shareholder of GlucoSet AS, was involved in study
design, analysis and interpretation of data and
writing of the paper. GlucoSet AS did not have any
additional role in the data collection or decision to
with massive repetitive measurements, oscillations with a periodicity of approximately fifteen
minutes have been found [6]. However, studies of continuous BGL measurements from subcu-
taneous sensors indicate that a normal BGL entails a complex regulatory pattern [7][8]. Fur-
thermore, this pattern seems to “decomplexify” both as patients develop diabetes mellitus and
as a consequence of critical disease [912]. This indicates that there could be several distinct
oscillatory components in the native BGL regulation that are yet to be discovered.
We have the developed a method to study BGL changes over time in animals with a highly
accurate and quickly responding continuous intravascular sensor [13]. In previous studies, we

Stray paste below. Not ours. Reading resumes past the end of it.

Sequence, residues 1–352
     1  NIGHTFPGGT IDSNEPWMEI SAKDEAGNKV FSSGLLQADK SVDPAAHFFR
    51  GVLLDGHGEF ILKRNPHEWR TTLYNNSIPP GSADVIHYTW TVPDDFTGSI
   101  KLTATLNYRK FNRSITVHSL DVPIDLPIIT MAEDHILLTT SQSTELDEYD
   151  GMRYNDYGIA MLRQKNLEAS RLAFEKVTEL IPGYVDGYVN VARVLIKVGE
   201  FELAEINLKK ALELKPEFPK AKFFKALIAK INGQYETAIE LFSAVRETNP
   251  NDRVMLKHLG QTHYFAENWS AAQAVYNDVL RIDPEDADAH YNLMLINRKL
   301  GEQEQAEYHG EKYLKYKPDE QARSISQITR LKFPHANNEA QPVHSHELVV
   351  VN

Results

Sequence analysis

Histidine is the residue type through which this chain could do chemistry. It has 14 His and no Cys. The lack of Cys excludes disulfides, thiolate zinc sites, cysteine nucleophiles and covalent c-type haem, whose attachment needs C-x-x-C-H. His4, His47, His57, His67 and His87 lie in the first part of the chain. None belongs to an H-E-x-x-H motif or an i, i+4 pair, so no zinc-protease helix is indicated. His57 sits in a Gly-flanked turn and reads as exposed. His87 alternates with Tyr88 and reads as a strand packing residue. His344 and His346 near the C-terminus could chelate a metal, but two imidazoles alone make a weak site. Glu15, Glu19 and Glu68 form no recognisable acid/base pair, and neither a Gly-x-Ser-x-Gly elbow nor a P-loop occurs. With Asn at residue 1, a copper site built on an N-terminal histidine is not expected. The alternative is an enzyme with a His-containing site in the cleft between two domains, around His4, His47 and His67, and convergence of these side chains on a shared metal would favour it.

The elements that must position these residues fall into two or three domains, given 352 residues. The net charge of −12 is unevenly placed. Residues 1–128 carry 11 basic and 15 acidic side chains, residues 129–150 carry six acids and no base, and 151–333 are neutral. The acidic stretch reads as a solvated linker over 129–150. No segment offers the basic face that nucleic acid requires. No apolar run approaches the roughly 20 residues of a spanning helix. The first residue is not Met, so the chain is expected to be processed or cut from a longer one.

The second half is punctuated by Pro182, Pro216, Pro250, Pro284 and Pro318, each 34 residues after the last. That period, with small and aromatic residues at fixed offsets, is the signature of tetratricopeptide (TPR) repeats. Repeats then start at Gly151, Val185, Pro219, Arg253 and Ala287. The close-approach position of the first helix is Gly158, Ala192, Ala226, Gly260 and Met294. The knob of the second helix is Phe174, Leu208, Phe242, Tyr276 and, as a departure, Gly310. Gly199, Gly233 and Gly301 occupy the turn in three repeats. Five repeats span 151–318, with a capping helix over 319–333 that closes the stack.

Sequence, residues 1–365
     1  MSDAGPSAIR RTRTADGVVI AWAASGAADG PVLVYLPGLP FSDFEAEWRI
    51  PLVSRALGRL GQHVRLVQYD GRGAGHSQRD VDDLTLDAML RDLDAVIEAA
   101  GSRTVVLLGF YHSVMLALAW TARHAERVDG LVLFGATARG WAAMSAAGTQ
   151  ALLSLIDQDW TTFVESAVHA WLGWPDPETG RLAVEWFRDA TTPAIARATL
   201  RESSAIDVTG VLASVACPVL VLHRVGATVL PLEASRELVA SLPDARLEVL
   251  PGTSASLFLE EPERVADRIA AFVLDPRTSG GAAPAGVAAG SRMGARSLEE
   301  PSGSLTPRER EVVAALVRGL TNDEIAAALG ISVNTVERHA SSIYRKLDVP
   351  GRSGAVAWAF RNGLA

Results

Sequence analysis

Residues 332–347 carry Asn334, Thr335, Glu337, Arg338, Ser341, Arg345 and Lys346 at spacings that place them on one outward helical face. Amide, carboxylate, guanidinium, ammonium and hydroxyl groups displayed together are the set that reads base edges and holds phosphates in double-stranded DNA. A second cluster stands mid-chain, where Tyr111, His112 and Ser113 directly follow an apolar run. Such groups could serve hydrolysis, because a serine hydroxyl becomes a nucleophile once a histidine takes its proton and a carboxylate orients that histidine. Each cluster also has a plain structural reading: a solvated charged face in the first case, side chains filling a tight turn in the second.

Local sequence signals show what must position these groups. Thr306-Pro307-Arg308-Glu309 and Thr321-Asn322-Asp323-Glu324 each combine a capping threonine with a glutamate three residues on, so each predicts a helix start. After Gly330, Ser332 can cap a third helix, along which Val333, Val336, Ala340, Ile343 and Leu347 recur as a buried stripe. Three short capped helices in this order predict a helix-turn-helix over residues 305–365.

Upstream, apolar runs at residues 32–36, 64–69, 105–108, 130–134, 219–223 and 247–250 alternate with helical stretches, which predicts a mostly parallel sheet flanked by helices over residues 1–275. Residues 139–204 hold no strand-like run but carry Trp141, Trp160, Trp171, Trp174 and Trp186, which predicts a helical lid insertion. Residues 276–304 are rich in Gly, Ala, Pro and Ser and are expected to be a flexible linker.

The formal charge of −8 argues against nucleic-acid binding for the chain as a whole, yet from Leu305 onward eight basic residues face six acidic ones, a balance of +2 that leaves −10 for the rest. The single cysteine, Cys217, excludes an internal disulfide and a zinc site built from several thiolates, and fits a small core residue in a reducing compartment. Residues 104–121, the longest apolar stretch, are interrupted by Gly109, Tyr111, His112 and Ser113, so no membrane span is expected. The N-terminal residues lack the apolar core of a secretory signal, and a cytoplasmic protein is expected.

found that this sensor was able to detect these small oscillations in the BGL [14]. Therefore, in
this study, we aimed to decipher BGL oscillations in longer time series in intact pigs.
Materials and methods
Animals, anaesthesia and study protocol
The study was approved by the Norwegian State Commission for Animal Experimentation
(Oslo, Norway). A total of four domestic pigs were used in the studies (22–28 kg), and they
were acclimatized and treated in accordance with the European Convention for the Protection
of Vertebrate Animals used for Experimental and Other Scientific Purposes. The animals were
premedicated with intramuscular diazepam 10 mg and azaperone 400 mg. Anaesthesia was
induced through an intravenous access on the external surface of theear with atropine 1.0 mg,
fentanyl 8.0 μg/kg, thiopenthal sodium 4.0 mg/kg and ketamine hydrochloride 8.0 mg/kg.
Before intubation, 5 ml of 40 mg/ml lidocaine was applied to the larynx. The animals were ven-
tilated in pressure control mode on a ventilator (Dameca, Copenhagen, Denmark) with initial
values of FiO
2
at 0.30, a tidal volume of 10 ml/kg, PEEP at 6 cmH
2
O and respiratory frequency
of 18/min adjusted as needed in order to maintain PaCO
2
at 4.5–5.5 kPa. Anaesthesia was
maintained by isoflurane 0.5–1.0%. Based on clinical response this was supplemented with
boluses of fentanyl 50 μg/ml as needed. Intravascular volume was maintained by a bolus of
acetated Ringer’s solution 10 ml/kg, followed by a continuous infusion of 10 ml/kg/h through-
out the experiment. 5000 IU heparin was administered i.v. to prevent clot formation. The